Most recently I have been working across the Wigan borough with care homes to support them to develop Community Circles. I have continued to learn a lot about the best way to support care homes with this – to their backdrop of time pressures and priorities. We have learned together that the initial investment of time for developing a Circle for an individual, soon pays off massively as the ripples from each Circle start to have a positive impact on the lives of other people living in the care home.

We have recently developed ‘hubs’ which bring together several care homes in a close geographical area. This has enabled care homes to share their ideas, the learning and how they have responded to challenges. It has also enabled them to share assets and to link people together with similar interests.

People I have met who have had a circle

I have had the privilege of meeting so many wonderful people and sharing their joy of the difference a Circle has made for them. One particular lady made me stop and really think about how we told people about what we do:

I remember meeting Margaret in her home and telling her about Community Circles and how they work. I was met with suspicion as to why I was there and she told me she didn’t want a circle. As I reflected on her words and body language, how she was telling me about the people in her life, but at the same time how lonely she felt, I was convinced that a Circle could help her, but was respectful of her suspicion. I decided to forget any mention of Community Circles and simply said, ‘how would you like to invite the friends you have mentioned around to your house for a cup of tea, a piece of cake and a good natter once a month?’ She replied, ‘oh I’d love that!’ I suggested if she needed any help with anything then she could ask them while they were there; again, she loved that idea. So there was born Margaret’s circle which made a huge difference to her life and helped with many practical things too.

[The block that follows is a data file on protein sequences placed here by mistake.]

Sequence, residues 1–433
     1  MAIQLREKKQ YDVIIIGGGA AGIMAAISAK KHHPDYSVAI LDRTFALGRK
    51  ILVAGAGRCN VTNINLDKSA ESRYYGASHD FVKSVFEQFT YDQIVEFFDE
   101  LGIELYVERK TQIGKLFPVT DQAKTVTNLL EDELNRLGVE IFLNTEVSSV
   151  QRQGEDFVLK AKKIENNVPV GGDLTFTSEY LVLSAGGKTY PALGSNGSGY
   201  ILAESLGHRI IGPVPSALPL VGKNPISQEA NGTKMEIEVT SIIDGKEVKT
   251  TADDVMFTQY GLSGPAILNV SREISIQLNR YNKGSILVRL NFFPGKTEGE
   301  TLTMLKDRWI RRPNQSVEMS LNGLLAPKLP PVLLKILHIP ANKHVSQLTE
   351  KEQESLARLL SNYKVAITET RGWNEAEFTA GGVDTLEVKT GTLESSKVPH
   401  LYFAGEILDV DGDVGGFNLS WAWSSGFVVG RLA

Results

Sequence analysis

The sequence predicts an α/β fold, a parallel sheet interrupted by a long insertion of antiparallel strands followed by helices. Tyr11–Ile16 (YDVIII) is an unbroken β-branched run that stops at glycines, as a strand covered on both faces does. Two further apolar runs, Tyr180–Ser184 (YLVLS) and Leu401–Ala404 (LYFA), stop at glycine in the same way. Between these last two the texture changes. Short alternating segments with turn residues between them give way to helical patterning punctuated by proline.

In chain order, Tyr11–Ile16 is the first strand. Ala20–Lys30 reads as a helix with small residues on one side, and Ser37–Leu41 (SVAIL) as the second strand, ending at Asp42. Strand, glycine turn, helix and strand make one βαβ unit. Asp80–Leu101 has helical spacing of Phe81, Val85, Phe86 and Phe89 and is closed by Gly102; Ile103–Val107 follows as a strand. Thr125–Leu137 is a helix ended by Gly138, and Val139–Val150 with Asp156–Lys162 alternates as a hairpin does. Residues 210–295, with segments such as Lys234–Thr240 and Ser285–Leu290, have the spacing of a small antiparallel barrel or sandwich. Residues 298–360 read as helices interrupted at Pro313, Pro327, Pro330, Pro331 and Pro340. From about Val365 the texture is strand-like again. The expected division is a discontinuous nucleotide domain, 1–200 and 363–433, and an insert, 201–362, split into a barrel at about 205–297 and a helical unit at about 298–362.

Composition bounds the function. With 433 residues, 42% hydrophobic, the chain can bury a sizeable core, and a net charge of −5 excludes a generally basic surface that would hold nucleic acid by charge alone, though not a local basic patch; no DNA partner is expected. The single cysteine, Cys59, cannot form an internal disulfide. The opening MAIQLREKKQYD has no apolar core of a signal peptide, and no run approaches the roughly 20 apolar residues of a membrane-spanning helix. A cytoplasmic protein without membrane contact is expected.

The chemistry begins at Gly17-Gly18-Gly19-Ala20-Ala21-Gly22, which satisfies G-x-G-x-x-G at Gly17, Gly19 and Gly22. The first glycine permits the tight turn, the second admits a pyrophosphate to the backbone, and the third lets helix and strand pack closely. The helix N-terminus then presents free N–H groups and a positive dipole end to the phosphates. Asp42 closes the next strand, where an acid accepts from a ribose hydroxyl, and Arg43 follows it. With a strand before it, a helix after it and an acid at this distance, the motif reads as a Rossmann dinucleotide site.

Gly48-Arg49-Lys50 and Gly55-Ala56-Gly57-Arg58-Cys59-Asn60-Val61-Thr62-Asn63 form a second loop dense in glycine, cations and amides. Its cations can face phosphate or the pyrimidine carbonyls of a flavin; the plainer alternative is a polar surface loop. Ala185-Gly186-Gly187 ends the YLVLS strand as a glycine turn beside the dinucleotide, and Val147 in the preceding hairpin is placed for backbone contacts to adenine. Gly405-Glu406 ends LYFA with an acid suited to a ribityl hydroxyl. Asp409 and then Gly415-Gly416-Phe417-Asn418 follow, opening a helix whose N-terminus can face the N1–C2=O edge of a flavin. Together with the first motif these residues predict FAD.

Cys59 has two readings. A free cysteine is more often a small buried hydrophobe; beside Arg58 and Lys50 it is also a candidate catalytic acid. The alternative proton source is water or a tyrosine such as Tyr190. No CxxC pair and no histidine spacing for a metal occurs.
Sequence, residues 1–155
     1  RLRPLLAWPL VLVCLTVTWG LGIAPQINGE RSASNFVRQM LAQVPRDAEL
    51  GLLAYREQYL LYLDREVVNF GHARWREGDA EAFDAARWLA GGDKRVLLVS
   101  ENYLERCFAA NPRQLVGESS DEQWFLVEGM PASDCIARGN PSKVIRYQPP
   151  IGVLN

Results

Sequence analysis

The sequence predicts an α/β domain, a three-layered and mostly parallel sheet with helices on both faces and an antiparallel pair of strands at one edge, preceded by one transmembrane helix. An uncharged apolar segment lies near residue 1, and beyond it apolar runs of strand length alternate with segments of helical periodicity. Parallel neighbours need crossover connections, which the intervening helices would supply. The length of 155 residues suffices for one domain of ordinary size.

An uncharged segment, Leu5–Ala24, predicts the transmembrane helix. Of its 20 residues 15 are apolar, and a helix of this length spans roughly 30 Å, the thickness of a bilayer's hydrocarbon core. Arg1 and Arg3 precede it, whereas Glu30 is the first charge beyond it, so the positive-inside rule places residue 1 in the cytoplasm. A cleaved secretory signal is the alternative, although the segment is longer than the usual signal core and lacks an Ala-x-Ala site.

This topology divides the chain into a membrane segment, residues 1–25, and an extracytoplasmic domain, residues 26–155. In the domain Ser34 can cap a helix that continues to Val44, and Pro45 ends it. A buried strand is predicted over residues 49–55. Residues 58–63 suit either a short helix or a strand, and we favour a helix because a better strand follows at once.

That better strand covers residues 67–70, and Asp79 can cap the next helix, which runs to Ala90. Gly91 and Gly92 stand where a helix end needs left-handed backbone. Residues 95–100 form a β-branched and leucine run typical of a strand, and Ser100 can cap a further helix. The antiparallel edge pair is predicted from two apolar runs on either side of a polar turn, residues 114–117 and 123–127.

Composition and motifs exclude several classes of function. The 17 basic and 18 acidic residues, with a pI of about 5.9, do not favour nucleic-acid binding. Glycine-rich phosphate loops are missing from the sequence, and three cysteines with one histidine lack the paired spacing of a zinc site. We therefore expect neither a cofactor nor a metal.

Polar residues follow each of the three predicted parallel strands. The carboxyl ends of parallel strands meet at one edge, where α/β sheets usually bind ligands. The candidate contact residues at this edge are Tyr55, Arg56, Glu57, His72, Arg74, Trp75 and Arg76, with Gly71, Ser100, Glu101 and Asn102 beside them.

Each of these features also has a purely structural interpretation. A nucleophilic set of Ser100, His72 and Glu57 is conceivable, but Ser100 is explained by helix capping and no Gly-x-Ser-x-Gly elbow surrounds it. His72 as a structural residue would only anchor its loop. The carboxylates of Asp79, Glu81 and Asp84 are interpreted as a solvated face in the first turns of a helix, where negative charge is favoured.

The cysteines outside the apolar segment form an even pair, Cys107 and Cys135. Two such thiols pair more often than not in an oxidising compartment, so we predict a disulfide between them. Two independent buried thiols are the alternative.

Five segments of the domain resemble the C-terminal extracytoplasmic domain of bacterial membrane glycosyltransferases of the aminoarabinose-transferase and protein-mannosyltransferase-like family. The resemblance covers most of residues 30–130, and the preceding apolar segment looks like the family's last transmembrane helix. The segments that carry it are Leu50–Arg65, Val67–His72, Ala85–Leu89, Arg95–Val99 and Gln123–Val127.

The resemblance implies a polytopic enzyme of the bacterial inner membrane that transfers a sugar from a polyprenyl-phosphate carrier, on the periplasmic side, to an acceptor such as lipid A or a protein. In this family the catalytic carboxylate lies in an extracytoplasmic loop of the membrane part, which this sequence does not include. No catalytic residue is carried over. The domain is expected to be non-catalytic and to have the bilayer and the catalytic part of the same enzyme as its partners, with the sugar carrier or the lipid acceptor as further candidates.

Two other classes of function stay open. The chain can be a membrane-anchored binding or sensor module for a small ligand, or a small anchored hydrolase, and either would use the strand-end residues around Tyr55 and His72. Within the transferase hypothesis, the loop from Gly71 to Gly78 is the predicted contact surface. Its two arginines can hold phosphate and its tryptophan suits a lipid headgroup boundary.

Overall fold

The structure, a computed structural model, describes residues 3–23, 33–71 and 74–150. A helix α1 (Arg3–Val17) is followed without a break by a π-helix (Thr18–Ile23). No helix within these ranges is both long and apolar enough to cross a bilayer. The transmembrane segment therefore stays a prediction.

I learned so much from that conversation about the importance of language and how we can relate to people. Margaret’s Circle was never referred to as a Circle, but that is exactly what it was!

 People who have inspired me in my work

I am always inspired by the people who give their time to volunteer with Community Circles and make a difference. Without them, it simply would not happen. There are also other people who give their time and donations. Community and voluntary groups, local businesses, and community activists – all wanting to make a difference. This is what Community Circles are all about and we appreciate everyone’s contributions.

Wigan Council have been a fantastic partner to work with – thinking creatively about what is possible and wanting to try new things. They have been the first local authority we have partnered with and it has enabled us to grow and learn even more and to share that work with others.

The three people closest to my heart from my Community Circles work are Helen Sanderson, the late Max Neill and my colleague and friend Cath Barton. I have learnt so much from them and it has enabled us to be brave and try new things. Right from the beginning with an information and fundraising evening of wine tasting at a little wine bar in Stockport….to now seeing so many people having a Circle and seeing the difference it makes in their life.

It feels emotional for me to be leaving my role with a model I helped to build. But I am grateful for being part of it all and I know I will continue to be an ambassador for Community Circles. After all, they really do work!

Helen Smith Co founder and Community Connector with Community Circles